"Don't say, 'But, Hilda,' in that bland mother-superior tone!" She drew back, looking into my face. Her eyes hardened. "Would n't it be the same with you? Would n't you fight with your last breath for your whole loaf? Would n't it just about finish you to know that you never could have it, that another woman had it, every crumb?"

There she had me cornered, beautifully cornered.

"Yes, Hilda. I could n't live and stand it: Once I knew how it feels, only for a week or so. It was long before we were married. There was another girl at our academy, a beauty, and I imagined that Frederic Yes, I know. Even that one little week-it nearly killed me. I never could laugh about it afterward, though Frederic was always teasing me for my jealousy. I can't laugh about it even now."

"One week! Yet I 've lived and stood

it month on month. I'll have to stand it my whole lifetime. No, I sha'n't." Her eyes flashed dark. "A while ago I thought I could endure it; but now-O Granny, can't you see? Can't you understand?" She hid her face on my breast. "It 's different now. It 's going to be another world, another life, for us. No matter if Gertrude owned him body and soul, he's got to love me now!"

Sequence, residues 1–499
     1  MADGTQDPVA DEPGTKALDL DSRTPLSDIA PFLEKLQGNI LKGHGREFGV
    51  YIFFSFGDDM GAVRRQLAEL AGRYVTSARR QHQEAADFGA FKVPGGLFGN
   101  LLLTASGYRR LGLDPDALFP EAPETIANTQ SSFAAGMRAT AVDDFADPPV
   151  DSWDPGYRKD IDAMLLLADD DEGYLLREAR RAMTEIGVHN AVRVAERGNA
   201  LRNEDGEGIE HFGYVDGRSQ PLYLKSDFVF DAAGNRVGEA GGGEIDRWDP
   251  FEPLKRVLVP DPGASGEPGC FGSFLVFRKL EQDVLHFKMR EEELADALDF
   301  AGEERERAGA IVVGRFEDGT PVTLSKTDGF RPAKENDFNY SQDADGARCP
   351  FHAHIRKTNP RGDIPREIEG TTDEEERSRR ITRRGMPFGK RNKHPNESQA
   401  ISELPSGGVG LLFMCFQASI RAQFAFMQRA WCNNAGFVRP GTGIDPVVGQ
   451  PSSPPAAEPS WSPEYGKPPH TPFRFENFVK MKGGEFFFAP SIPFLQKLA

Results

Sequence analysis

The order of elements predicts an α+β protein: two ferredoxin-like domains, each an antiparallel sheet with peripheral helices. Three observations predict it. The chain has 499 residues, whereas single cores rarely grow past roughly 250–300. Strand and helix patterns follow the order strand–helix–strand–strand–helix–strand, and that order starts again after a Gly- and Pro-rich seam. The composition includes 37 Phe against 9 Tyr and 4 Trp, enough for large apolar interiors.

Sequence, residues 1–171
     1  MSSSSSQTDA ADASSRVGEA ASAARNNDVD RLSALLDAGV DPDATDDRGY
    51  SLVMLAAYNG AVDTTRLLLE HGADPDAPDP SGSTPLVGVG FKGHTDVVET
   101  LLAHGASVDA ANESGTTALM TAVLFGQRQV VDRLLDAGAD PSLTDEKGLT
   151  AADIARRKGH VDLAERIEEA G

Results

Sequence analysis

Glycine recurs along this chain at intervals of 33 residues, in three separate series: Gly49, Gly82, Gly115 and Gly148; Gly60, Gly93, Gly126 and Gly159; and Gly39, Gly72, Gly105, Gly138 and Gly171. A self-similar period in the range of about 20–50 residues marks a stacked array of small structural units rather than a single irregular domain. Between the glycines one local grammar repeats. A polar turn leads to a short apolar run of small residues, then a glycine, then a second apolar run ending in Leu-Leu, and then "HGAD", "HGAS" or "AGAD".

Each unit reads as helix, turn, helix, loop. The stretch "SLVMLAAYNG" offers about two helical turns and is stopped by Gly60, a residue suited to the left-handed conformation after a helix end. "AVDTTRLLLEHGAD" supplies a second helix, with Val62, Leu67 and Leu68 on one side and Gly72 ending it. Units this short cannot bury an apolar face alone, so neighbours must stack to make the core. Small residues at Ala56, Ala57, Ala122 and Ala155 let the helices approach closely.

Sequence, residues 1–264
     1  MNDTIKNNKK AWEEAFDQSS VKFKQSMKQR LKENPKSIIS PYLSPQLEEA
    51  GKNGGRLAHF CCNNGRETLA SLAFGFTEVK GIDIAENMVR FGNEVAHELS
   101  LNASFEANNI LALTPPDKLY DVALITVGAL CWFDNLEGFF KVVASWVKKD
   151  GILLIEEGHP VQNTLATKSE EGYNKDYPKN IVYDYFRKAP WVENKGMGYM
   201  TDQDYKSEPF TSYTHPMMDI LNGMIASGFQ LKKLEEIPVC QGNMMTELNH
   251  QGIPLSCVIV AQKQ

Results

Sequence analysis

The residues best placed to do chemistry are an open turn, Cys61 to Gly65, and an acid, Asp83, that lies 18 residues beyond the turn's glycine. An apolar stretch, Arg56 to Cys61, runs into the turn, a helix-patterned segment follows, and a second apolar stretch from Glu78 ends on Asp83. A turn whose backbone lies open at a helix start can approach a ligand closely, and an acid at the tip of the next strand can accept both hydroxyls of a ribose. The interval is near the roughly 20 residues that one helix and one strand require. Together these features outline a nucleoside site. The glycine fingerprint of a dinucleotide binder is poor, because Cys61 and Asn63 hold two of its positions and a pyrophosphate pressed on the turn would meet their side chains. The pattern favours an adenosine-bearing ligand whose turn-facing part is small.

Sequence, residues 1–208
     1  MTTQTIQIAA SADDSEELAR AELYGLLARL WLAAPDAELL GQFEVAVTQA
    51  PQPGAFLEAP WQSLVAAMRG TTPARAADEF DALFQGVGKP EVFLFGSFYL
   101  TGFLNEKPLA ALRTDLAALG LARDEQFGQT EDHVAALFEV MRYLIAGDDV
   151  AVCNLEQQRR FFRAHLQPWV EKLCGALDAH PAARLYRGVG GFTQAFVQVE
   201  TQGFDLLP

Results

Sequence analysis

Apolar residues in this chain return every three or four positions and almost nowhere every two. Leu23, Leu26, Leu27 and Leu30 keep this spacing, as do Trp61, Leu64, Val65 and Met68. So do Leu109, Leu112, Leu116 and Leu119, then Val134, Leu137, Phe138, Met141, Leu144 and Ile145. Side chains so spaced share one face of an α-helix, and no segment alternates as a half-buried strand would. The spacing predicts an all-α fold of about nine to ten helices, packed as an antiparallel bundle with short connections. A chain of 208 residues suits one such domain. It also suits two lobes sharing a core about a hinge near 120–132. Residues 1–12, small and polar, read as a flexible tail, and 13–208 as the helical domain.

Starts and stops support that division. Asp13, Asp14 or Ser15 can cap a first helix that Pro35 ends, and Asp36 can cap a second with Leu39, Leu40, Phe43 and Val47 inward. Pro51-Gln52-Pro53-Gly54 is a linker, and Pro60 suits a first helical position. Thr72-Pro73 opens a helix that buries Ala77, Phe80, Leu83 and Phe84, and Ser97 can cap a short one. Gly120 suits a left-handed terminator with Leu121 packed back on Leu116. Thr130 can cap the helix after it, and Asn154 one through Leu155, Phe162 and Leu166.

"Yes, he 's got to, Hilda." I was choking back tears as I kissed her. "But don't I keep telling you that he does love you dearly?"

"He ought to tell me so, and tell me now."

"Yes," said I, grimly. "He ought to tell you now." For the first time in my life a deep, resentful bewilderment filled me toward my dear, oblivious son-my son, who sat before his glowing hearth, the door shut forever on his bleak days; my son, who could see all his new happiness, yet could not see the lonely question in his wife's young eyes. A foolish question; yet when did the woman who loves ever ask a wise one?

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That hour of the comedy! Through the long, sparkling first act we sat there side by side, like a worried old ghost and an impassive younger one. Not one word of that crisp dialogue reached my ear. I was back on my treadmill, blundering round and round that merciless question. Beside me, Hilda's sleeve was warm against my hand. She sat so close that I heard her faint breathing; yet in her white stillness she seemed a thousand leagues away. Never in all my life have I felt so hopelessly alone.

It was half-way through the second act

when I caught a curious, pungent odor. I have a very keen sense of smell.

At first it was just the slightest acrid tang, a breezy whiff that took me back fifty years and more to a slope of halfcleared woodland, a hot wind in my face, a hazy October sky. I shut my eyes and sniffed in satisfaction at the fine, spicy fragrance of burning brush. Then I smiled at my foolishness. Who, pray tell, would be burning brush on Thirty-ninth Street in front of a nouveau-art theater?

Even in that instant the man beside me turned a blank, yellow-white face toward me and muttered, and a woman in front sprang to her feet, then sat down quickly. Then I knew.